DEATH: An Introduction

from the Editors

In his essay, ‘A Hanging’, George Orwell looks on as a condemned man is led to his execution:

It was about forty yards to the gallows. I watched the bare brown back of 
the prisoner marching in front of me. He walked clumsily with his bound 
arms, but quite steadily, with that bobbing gait of the Indian who never 
straightens his knees …  And once, in spite of the men who gripped him by each shoulder, he stepped slightly aside to avoid a puddle on the path.

The man is about to die, but the insistence of the body’s habits and provisions is stronger than the knowledge of his imminent end. It is pointless to worry about keeping those feet dry. Nevertheless, he avoids the water. Death is unimaginable in the current of life, and, as Orwell writes,

This man was not dying, he was alive just as we were alive. All the organs of his body were working — bowels digesting food, skin renewing itself, nails growing, tissues forming — all toiling away in solemn foolery. His nails would still be
growing when he stood on the drop, when he was falling through the air with a tenth of a second to live.

For most of us, death will not come while we’re in rude health. But the extremity of the prisoner’s predicament illustrates the shortcomings of the human mind to fathom what lies on the other side. The body is our immediate concern. Questions about how to die, how to die well, and how to remember the dead have plagued generations. But the overwhelming unknown remains: how do we think about death at all?

Like Holbein’s anamorphic skull in his most celebrated painting ‘The Ambassadors’, it might best be viewed askance.Holbein Ambassadors

This Issue of REMEDIA offers a range of perspectives. It seems fitting to consider mortality in January and February, as bare trees and bitter cold tell us that it will be months before the ground softens into spring. We have taken refuge indoors: Lisa Haushofer is torn between awe and repulsion at the sight of anatomical specimens in her review of the Hunterian Museum of London. Back in the US, Lisa takes a closer look at how the Civil War changed American attitudes towards death after reading Drew Faust’s latest book, This Republic of Suffering: Death and the American Civil War and visiting Harvard’s Countway themed exhibition. She explains how this unprecedented conflict played into the history of cremation. Walking around the Wellcome’s latest exhibit gets Kate Womersley thinking about death ephemera and the interplay between medical science and imaginative art. Inspired by a visit to the Mutter Museum in Philadelphia, Cara Fallon weighs the significance of memento moris, both past and present.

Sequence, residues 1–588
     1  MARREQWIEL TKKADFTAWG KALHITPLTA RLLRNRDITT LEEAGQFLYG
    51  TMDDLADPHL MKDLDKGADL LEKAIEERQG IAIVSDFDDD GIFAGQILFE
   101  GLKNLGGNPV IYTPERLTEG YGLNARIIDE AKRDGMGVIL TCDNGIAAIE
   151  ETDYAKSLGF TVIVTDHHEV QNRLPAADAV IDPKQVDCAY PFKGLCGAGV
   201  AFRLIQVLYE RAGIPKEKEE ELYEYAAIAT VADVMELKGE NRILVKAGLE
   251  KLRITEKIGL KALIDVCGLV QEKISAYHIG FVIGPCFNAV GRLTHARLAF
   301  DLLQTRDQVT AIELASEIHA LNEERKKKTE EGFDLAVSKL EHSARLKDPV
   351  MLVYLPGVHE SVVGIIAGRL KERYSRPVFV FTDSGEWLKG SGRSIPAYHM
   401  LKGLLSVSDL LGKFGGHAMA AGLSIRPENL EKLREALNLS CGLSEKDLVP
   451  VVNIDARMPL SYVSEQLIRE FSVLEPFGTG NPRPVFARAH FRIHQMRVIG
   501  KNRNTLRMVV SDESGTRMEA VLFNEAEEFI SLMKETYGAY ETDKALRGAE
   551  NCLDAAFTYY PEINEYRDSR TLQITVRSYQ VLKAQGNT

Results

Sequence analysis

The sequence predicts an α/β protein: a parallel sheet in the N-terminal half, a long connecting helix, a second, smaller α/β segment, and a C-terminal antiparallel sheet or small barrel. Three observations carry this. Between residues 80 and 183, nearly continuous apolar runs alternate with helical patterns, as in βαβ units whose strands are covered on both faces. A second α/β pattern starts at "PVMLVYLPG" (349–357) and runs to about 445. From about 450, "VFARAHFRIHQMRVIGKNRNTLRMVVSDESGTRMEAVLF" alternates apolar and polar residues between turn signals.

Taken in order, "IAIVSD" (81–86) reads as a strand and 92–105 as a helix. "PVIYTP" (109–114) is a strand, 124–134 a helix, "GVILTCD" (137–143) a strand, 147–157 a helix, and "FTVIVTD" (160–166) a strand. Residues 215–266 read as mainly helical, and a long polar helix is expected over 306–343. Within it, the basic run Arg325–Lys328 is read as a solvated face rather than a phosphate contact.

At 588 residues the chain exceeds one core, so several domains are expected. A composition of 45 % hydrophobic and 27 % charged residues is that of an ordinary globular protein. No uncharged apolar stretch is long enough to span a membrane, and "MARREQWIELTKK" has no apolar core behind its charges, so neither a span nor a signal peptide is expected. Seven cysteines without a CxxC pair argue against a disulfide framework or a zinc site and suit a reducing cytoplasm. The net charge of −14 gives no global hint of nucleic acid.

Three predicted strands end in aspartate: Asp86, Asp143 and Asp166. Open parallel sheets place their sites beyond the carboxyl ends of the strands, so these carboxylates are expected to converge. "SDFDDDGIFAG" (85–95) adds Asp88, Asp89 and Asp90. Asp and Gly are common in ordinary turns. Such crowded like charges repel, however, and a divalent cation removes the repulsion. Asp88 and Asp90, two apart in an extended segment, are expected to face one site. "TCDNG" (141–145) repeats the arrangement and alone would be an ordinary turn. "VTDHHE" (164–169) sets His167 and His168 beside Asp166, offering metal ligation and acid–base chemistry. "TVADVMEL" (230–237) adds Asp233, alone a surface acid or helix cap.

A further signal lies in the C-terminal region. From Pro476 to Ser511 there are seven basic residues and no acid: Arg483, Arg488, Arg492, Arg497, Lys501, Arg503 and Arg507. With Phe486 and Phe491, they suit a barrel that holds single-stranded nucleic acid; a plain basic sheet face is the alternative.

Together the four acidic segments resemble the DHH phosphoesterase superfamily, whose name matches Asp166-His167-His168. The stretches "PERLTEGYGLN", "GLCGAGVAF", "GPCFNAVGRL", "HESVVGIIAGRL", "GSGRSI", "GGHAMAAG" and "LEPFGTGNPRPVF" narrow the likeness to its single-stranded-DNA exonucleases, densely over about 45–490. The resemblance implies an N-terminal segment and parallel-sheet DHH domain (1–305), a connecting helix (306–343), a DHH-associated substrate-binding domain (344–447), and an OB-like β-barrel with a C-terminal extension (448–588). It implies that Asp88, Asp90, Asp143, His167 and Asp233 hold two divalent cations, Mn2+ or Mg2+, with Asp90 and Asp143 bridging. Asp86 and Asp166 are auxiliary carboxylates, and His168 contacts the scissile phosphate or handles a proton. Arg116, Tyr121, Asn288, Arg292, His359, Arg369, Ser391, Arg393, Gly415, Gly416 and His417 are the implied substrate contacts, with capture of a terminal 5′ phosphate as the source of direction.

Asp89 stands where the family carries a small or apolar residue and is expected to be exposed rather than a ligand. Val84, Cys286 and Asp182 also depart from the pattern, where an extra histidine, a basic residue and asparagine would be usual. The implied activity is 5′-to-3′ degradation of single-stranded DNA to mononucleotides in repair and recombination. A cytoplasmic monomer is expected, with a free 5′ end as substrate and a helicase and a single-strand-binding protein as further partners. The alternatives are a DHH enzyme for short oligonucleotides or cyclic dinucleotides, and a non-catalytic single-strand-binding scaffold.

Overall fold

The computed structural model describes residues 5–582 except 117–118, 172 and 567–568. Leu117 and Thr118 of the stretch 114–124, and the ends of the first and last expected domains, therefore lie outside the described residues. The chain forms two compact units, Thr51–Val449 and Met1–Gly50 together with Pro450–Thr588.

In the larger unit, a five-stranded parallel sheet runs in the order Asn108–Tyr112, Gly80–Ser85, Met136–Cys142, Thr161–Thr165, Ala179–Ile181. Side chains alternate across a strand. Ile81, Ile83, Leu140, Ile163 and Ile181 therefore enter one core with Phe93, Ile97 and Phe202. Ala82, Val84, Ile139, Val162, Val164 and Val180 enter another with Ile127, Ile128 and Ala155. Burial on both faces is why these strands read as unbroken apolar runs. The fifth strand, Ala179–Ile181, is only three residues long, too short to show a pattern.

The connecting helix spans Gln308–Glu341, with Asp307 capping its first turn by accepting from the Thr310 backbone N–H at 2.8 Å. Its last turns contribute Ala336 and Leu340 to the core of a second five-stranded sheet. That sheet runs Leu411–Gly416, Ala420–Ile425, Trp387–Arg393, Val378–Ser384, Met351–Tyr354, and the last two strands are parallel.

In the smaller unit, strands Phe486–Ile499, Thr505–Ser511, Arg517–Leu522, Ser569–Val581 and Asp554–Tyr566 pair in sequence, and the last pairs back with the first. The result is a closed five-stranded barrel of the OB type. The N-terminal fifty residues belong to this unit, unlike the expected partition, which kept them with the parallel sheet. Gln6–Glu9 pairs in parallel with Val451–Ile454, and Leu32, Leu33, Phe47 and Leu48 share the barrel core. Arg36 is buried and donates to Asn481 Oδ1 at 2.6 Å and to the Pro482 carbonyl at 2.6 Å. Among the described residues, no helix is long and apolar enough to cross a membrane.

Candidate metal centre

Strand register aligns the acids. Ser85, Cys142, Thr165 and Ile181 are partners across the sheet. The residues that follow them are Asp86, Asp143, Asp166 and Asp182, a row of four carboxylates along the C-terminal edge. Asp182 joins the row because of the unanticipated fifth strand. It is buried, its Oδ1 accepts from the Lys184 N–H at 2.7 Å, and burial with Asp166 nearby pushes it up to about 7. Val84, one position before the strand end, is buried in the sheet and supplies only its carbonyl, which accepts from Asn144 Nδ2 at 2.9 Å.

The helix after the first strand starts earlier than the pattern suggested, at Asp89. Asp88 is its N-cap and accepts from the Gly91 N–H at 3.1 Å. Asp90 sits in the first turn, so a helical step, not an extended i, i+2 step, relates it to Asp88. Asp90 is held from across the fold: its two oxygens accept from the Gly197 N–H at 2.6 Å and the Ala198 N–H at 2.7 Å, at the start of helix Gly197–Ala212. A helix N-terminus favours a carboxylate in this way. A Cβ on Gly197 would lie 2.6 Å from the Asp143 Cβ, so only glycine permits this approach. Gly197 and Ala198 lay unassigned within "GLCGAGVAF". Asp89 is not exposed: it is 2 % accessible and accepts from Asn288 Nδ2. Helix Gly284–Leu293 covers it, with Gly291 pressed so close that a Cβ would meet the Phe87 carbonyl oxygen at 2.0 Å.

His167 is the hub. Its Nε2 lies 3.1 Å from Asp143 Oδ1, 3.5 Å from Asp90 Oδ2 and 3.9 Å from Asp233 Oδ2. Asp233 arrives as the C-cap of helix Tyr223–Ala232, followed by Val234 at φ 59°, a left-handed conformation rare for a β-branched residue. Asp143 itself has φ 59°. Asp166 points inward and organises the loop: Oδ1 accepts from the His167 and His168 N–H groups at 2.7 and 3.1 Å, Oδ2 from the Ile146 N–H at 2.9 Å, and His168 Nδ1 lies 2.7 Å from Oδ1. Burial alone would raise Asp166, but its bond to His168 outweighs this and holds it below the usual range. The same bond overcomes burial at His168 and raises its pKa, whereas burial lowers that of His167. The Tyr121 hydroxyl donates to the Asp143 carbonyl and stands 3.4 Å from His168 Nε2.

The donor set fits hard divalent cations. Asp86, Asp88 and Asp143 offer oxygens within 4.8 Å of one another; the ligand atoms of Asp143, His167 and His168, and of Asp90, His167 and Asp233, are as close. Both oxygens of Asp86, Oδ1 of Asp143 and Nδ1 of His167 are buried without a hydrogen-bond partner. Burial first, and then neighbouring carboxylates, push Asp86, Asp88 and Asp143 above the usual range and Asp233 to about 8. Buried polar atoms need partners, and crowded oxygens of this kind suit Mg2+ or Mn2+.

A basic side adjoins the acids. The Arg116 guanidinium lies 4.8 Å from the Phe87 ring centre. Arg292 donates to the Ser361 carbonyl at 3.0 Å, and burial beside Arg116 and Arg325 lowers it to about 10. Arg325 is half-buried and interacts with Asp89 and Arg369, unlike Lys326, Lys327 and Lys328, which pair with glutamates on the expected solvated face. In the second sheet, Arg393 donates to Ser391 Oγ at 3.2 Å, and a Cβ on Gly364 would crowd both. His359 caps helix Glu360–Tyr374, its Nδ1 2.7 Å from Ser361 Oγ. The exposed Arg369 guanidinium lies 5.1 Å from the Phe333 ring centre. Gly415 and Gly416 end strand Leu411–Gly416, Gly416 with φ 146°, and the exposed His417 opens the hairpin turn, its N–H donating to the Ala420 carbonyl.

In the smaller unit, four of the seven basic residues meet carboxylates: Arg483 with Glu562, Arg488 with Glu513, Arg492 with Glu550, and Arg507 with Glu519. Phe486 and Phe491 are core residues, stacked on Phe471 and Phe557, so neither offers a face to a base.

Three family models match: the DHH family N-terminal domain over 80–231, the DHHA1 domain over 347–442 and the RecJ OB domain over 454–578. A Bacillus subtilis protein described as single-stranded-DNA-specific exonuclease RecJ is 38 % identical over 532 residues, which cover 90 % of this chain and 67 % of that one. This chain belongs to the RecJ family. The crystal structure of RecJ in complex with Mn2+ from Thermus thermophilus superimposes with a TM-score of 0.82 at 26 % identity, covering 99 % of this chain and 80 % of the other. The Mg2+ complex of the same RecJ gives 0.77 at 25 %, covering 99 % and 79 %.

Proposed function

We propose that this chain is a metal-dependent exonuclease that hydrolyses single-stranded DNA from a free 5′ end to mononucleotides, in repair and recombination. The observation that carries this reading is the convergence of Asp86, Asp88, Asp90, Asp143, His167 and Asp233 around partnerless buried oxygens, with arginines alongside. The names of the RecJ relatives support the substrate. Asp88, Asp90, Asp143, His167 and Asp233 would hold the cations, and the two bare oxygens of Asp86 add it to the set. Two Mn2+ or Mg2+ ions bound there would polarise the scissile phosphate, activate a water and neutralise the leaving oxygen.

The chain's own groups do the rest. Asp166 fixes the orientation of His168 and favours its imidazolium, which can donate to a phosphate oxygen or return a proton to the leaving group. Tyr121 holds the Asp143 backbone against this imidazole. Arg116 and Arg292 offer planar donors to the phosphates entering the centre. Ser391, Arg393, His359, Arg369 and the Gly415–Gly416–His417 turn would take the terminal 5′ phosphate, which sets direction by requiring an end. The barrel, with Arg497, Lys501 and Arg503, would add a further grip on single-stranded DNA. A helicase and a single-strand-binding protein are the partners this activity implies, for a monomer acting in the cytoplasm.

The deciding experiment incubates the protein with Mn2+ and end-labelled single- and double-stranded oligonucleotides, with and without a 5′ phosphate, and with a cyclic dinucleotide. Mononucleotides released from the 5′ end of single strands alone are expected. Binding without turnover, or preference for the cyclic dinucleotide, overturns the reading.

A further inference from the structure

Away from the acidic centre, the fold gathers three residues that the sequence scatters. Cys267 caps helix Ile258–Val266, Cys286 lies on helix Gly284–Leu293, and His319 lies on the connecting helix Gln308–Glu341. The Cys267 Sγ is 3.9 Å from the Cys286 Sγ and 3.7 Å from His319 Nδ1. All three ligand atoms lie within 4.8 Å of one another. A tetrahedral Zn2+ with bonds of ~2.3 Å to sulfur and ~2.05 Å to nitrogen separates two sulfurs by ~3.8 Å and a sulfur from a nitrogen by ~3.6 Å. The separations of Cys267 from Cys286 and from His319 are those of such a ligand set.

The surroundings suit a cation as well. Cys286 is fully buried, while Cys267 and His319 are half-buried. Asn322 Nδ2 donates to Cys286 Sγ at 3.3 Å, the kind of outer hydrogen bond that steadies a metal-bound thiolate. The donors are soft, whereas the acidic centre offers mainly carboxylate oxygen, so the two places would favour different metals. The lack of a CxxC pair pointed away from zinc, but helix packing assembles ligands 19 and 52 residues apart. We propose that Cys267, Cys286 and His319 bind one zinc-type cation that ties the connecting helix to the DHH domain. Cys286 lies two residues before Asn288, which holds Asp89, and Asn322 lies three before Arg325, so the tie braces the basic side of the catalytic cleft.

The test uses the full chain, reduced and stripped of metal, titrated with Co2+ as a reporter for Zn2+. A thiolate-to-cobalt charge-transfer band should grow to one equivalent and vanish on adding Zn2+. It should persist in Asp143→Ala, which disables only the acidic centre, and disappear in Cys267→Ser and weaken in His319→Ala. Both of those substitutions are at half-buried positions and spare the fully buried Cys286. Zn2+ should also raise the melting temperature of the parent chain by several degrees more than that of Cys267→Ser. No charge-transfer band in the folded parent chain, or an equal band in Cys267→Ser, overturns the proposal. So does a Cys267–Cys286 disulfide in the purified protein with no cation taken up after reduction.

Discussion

Assessing the recent controversy over end of life care, Kate’s interview with the British philosopher, humanist and physician, Professor Raymond Tallis, covers some of the most urgent issues in the assisted dying debate. A thoughtful study from Daniel Gross on mercy killing’s representation in mid-twentieth-century comic strips is a further reminder of the issue’s sensitivity in the public domain (forthcoming). But sometimes popular opinion is led astray, as Ellen von Reuler suggests in her discussion of the ways in which literary works on ‘suicide tourism’, such as Ian McEwan’s Amsterdam, compare with reality. Collectively, these pieces plot the changing landscape about how and when we die. If by now you have had your fair share of morbidity, why not turn to Kristen Keerma Friedman’s examination of the prescriptions made by the Humane Society of Philadelphia in the eighteenth century; she gives wise advice about how to avoid a premature death (forthcoming).

As ever, we hope that the Issue provokes both reflection and debate. We’re waiting to hear your thoughts.

© Remedia.2013

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